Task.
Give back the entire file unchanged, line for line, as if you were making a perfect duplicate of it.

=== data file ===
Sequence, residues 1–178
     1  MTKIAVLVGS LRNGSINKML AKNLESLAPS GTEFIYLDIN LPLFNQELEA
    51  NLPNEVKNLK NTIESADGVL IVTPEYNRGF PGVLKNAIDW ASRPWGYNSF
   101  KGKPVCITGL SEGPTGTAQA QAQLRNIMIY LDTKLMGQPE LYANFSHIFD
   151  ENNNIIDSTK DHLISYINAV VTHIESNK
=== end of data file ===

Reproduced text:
Sequence, residues 1–178
     1  MTKIAVLVGS LRNGSINKML AKNLESLAPS GTEFIYLDIN LPLFNQELEA
    51  NLPNEVKNLK NTIESADGVL IVTPEYNRGF PGVLKNAIDW ASRPWGYNSF
   101  KGKPVCITGL SEGPTGTAQA QAQLRNIMIY LDTKLMGQPE LYANFSHIFD
   151  ENNNIIDSTK DHLISYINAV VTHIESNK